Fighters linked to al-Qaeda sweep away territorial lines in the sand in their quest for an Islamic state.
Sunni fighters have laid claim to their first official crossing on the Iraq-Syria border. It is the latest success in an offensive by the al-Qaeda inspired Islamic State in Iraq and the Levant, or ISIL.
The group’s stated aim is to establish a caliphate stretching from the Mediterranean Sea to Iran. It is an ambition that would tear up a contentious colonial pact forged almost 100 years ago.
The Sykes-Picot agreement in 1916 carved up the Ottoman empire between Britain and France, forming the basis for the modern Middle East. Critics say the arbitrary lines drawn in the sand give no thought to the ethnic groups they forced together, or the tribes they split apart.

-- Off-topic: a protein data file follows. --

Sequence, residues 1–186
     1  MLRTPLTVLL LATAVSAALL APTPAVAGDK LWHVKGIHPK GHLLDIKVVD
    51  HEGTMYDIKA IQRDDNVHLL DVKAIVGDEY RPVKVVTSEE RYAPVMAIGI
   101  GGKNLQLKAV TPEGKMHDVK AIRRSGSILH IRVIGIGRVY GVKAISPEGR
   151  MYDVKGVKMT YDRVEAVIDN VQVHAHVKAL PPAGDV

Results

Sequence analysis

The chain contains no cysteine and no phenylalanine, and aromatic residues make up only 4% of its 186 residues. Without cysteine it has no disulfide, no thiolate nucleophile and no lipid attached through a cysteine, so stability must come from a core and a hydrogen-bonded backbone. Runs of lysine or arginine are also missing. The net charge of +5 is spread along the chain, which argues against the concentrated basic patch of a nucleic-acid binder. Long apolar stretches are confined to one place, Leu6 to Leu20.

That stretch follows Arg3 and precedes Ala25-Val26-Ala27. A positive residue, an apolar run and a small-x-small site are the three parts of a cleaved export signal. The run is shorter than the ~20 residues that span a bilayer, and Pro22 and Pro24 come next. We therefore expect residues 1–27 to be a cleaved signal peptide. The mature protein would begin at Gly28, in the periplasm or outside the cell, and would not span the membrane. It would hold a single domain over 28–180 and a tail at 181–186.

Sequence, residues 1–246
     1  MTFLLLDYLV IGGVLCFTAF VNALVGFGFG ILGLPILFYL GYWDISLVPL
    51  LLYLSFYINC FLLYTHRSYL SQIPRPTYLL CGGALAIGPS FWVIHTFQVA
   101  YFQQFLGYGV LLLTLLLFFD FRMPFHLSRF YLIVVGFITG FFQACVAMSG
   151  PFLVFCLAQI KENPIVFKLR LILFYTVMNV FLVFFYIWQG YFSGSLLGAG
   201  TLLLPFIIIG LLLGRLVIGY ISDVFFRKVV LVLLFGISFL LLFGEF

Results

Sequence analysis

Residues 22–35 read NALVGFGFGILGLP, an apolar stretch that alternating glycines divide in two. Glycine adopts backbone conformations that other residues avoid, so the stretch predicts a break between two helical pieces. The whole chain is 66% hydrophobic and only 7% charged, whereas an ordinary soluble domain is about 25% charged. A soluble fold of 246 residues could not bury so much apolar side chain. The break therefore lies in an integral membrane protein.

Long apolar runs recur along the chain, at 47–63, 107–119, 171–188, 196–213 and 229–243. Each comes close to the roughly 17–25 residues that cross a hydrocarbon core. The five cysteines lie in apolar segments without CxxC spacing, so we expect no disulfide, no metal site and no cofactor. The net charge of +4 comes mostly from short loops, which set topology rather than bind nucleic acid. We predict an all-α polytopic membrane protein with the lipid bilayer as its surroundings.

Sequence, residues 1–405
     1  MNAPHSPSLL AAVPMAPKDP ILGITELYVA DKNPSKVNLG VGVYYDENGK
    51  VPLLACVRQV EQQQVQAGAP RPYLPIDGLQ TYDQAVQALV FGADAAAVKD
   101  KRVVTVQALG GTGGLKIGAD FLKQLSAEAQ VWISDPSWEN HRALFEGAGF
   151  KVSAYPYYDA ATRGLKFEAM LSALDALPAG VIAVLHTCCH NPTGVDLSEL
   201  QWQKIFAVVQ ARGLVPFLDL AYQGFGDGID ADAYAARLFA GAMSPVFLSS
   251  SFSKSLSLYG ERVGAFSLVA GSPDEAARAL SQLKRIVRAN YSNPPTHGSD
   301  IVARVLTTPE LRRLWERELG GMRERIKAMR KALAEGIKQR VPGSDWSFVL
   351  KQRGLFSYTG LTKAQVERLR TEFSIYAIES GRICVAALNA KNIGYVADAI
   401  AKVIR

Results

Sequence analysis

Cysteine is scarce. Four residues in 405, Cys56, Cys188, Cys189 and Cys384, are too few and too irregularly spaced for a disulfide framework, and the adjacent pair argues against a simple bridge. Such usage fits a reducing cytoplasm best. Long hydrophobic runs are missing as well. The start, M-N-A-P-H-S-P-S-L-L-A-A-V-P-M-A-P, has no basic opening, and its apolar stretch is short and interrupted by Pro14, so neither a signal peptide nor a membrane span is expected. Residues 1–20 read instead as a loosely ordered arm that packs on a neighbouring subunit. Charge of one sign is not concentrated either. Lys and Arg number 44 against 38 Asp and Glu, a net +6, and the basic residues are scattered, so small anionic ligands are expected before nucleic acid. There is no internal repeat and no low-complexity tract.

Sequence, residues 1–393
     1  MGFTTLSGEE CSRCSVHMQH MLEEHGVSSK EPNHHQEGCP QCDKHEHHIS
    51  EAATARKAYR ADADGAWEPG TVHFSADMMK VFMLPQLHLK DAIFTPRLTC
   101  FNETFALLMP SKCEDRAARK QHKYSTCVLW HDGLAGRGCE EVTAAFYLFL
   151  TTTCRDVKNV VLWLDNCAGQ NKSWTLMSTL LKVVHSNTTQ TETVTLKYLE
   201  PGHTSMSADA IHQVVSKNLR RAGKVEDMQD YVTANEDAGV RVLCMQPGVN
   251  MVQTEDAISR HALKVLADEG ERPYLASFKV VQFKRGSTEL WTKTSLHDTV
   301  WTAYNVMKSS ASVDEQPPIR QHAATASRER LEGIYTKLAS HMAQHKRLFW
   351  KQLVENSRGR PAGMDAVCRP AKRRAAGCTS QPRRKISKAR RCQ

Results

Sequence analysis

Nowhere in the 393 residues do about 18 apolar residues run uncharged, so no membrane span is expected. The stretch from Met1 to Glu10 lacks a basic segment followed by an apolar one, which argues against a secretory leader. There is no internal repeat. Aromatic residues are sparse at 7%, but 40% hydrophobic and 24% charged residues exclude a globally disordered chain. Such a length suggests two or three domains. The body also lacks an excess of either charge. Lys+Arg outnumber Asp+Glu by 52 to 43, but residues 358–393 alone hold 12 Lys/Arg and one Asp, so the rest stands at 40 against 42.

Nearly a century later, Sunni fighters are disregarding those boundaries in pursuit of a mutual quest.
So, can ISIL tear up the map of the Middle East? Or can the leaders of Syria and Iraq preserve a hundred years of history?
Presenter: Sami Zeidan
Marwan Kabalan – a Syrian academic and writer, and associate analyst at Doha Institute’s Arab Centre for Research and Policy Studies.
Taha Ozhan – president of the SETA Foundation for Political, Economic and Social Research.
Phyllis Bennis – a writer, analyst and activist on Middle East issues, and fellow at the Institute for Policy Studies.